Micky Tripathi gets into details about sharing patient records, clarifies April 5 and December 2022 compliance rules, and more.
The information blocking rule that took effect April 5 promises to usher in a new era of free-flowing electronic medical record information, under the direction of patients and their physicians.
In Part 1 of this interview with Micky Tripathi, PhD, MPP, who since January has headed the U.S. Department of Health and Human Services Office of the National Coordinator for Health Information Technology (ONC), Tripathi discussed the challenges hospitals and health systems face in interoperability and telehealth. Part 2 delves deeper into the April 5 rule. This interview has been lightly edited for space and clarity.
HL: How can patients achieve the ability to have a longitudinal health record, regardless of provider? This question is spawned by the April 5 rule. Say a patient used the Apple Health app, and they switch providers. Instead of their medical record being in Epic, now it's in Cerner. How will their next doctor be able to see what was in Epic, through the way that the patient carried it with them on Apple Health?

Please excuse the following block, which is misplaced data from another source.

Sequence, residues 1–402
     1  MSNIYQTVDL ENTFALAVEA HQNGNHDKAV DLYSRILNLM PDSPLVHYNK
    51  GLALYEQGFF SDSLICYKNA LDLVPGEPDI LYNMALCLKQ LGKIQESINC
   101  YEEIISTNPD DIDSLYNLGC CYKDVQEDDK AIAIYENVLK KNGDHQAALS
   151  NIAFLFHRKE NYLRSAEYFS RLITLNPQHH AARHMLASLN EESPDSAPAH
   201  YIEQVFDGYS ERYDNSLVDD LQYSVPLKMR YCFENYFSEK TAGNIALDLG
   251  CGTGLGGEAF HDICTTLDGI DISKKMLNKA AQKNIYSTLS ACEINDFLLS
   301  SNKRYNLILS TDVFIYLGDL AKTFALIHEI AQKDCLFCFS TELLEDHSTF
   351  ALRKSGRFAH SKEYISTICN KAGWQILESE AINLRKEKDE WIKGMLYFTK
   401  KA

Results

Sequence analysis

Tripathi: There are actually two pathways that a patient ought to be concerned about. You described one, which is to say that the patient is the conduit of the information. Implicit in what you just described was that I go to Mass General Hospital, they're on Epic. I download my record. Then tomorrow, I go to Baystate, [Health] in Massachusetts. They're on Cerner. And I want to be able to show that record to the next place.
The information blocking rule requires that by December 2022, that those APIs, those interfaces that allow you to access it via the Apple Health record, for example—there are there are other applications out there, but just as an example—be standardized. So that regardless of whether you're using your iPhone, or using an Android system on your end, or the provider is on eClinicalWorks, or Epic, or Cerner, or whatever it is, you should be able to get that from one provider to the other provider. It all ought to be able to be sort of integrated and available on your phone.